We call for all charges against Bradley Manning to be dropped and for his immediate release. Blowing the whistle on war crimes is not a crime!

When we heard that Tim Price’s new play The Radicalisation of Bradley Manning was to be performed by National Theatre Wales in Pembrokeshire, Cardiff and Flintshire during April, starting with Tasker Milward, the school Bradley attended as a teenager in Haverfordwest, it seemed an ideal opportunity to organise a series of solidarity actions and events to coincide with these performances. Our aim was to raise awareness of, share information about and generate support for Bradley across Wales.

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Synopses of the work of Campaign for the Accountability of American Bases (CAAB).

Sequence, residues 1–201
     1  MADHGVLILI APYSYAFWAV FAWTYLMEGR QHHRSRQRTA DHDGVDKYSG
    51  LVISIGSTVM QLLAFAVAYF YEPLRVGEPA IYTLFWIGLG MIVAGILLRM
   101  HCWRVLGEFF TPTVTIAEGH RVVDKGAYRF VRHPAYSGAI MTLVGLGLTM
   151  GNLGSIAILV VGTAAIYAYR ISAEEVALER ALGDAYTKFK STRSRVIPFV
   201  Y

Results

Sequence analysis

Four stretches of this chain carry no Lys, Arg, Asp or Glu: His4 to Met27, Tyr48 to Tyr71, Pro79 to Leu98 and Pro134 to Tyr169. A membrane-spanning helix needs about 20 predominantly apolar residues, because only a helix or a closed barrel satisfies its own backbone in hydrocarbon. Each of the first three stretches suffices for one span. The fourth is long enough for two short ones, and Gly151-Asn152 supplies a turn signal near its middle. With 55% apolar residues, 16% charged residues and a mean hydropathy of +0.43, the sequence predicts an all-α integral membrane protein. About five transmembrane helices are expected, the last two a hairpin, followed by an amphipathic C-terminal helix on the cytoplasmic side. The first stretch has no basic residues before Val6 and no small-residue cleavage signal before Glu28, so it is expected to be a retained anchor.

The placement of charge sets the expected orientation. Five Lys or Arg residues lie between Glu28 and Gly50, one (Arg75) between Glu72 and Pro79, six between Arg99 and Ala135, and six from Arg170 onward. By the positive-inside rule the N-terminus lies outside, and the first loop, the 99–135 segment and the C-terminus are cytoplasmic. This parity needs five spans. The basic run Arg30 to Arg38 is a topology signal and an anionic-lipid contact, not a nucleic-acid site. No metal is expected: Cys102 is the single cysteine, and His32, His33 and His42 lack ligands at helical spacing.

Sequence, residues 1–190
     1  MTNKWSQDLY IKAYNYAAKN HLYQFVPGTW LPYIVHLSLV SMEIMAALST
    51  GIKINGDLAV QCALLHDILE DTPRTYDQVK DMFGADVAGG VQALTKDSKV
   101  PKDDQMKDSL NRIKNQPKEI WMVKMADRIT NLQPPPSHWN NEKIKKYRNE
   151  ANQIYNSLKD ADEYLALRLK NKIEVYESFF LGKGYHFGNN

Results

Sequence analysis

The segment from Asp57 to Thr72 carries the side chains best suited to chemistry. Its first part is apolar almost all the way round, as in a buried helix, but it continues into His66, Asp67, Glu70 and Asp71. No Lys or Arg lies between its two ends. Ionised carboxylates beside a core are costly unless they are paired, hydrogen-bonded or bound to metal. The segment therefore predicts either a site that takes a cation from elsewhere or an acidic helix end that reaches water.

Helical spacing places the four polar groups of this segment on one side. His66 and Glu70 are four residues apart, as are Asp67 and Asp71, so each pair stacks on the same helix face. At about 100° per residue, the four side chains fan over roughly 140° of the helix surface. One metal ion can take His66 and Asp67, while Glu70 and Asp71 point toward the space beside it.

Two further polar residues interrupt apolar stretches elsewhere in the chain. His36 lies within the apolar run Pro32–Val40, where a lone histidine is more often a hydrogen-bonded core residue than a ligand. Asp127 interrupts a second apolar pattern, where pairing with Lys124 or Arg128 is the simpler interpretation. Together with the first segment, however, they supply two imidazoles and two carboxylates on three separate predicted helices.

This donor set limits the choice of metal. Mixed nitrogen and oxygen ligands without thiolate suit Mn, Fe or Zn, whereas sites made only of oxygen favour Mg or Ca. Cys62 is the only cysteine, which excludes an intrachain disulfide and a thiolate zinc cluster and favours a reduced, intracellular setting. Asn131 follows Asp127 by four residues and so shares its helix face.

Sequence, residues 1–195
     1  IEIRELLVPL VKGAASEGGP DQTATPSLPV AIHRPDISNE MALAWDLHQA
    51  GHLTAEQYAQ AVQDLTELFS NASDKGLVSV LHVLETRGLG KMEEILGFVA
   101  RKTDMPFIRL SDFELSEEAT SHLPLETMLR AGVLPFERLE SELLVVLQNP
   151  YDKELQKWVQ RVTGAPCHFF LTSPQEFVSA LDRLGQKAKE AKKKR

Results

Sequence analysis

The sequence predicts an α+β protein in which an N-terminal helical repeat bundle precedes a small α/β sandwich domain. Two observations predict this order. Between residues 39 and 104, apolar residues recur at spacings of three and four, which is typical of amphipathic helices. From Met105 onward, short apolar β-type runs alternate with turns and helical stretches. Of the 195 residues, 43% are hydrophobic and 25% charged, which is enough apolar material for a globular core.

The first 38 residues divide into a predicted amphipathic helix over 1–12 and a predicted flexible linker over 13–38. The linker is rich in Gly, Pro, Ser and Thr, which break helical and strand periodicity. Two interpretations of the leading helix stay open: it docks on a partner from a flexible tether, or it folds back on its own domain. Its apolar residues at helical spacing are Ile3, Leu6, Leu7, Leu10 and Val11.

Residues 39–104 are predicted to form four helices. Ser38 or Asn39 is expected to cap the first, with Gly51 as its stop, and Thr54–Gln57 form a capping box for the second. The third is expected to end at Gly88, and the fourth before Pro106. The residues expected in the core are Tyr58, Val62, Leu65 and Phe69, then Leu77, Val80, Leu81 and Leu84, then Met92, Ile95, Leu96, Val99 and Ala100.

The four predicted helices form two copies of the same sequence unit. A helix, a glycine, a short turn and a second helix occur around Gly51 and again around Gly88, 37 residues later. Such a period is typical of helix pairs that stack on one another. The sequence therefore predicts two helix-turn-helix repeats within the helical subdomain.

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An Orwellian moment at a CAAB demo. PHOTO: CAAB

The Campaign for the Accountability of American Bases (CAAB) is a bit of a mouthful! A campaign with the word FOR in the title instead of AGAINST was important and the word ‘ACCOUNTABILITY’ was beginning to be banded about. Add American Bases and in 1992 CAAB was born.

For more than 60 years, a dedicated group of concerned citizens has been keeping an eye on, and working to bring to account, those who keep an eye on us; namely NSA Menwith Hill near Harrogate North Yorkshire. The focus on Menwith Hill has been because many of us live locally. However CAAB extends the campaign to bring public scrutiny, awareness and accountability of the role and presence of the all US Visiting Forces and their Agencies here and world wide. 

CAAB is a small group of committed people. None of us are paid and we rely entirely on donations to fund our work. We evolved out of the long campaign of protest at the American base at NSA  Menwith Hill, near Harrogate, North Yorkshire.